Basically, I was a lesbian girl on the show Survivor, but they only allowed gay men to be on the show, not gay women. Well it wouldn't have been an issue except I was flirting with another girl on the island, so this straight white man was up in my face and got me kicked off the show because I rebuffed his flirtations. ;) Well I wanted to make it into a big controversy to get things changed and draw public attention to the fact that the show is discriminating, so I kept appealing to a higher court. Finally, I was being interviewed by this asshole reporter and he kept bringing other people off the island to interview, to try and gather evidence that I was, in fact, gay. (I wasn't admitting it but I wasn't masking anything I was doing, either.) I was having fun with this interview because it was obvious that the reporter was extremely homophobic and probably gay himself.

First he interviewed the angry white guy who got me kicked off, then he interviewed a good-looking gay black guy and kept asking him questions like, "what is wrong with your penis?" and "how ugly are your balls?" When the guy asked WTF? the reporter said that obviously you just took to men because women would be disgusted with your junk. (The reporter was basically Sue Sylvester (from the T.V. show Glee) only male.) I was pleased because the reporter's acting like an asshole would stir up even more controversy for my case.

Everyone there was so fed up with the reporter that we decided just to ignore him from that point on, so I started striking up a conversation with a black woman that was near me. We started talking about kids and then she said I reminded her about a song, and started singing it. I listened politely because the song started out kind of sappy and I'm not into sappy songs very much, but then she got to the chorus and shocked me. The song was overall very positive with the message that we need to push our kids into being their best, but the chorus used the imagery of pushing kids out of airplanes so they can fly. She sang "push behind them, baby, push them so they fall. Push behind them, baby, give them it all." It was so silly and ridiculous that I laughed out loud and woke myself up. :)

I love it when I have dreams that make me laugh, because then the whole day from that point on seems humorous and silly. I needed a silly day! Yeehaw!

Saturday, May 1, 2010

Death, Or A Standstill in Time

Last night I had a dream that left a big impression. Lately, I've been having those sorts of dreams near a full moon.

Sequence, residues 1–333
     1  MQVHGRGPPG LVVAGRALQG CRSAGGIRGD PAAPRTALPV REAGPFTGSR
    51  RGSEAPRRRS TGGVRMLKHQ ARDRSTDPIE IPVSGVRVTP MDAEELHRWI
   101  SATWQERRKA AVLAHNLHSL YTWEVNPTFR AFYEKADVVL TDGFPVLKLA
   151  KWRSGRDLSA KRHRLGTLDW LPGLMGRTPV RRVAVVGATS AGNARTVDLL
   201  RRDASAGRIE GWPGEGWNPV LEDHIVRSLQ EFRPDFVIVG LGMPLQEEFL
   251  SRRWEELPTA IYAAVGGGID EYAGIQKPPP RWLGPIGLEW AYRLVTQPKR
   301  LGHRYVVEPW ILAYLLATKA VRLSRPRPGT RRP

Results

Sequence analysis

In this dream, I was flying in an airplane with a bunch of people, and all of a sudden the plane took a nosedive straight for the ocean. Everyone was panicking as the plane spiraled out of control, but somehow I remained calm. It was scary, sure, but I didn't feel the same panic as those that surrounded me.

Then all of a sudden time stood still, just as the nose of the plane was about to hit the water of the ocean. It hadn't quite touched yet. All of the people and myself got out of the plane and started walking on the surface of the water! We wandered around, exploring this new phenomenon, when I spotted my dad among the crowd. I went over to him, and he went behind a wave as tall as myself, so that the wave separated us. My dad then pushed the wave over so that it was on top of me! I was inside the wave for a moment, but the water didn't even seem to touch me. I had time to think while I was inside the wave, and I thought, wow, I'm not even wet, and I'm inside an ocean wave yet outside of time! Then I went through the wave to the other side and saw my dad.

Then I got to thinking and I didn't understand how we could have stepped into a realm outside of time and be able to affect the environment (my dad was able to push the wave as if it were jello) yet not be affected by the environment (I didn't even get wet as I stepped inside the wave.) I wondered if we were all dead and the plane really did crash into the ocean, and I wondered how we would know for sure. Then I woke up.

Perhaps I did die, in the dream. And if so, I experienced a reality that was separate from everyday reality, yet still connected to this world. My whole dream took place in the span of maybe 2 or 3 seconds, yet so much happened. I wonder if, after death, we will experience time at all, or if everything we do will seem like it happens in a single second of time, or if we will just be outside of time altogether. This is not the first dream I've had in which I died, by the way, but I'm not even sure if I did die in the dream or if I somehow became part of another reality through some other means.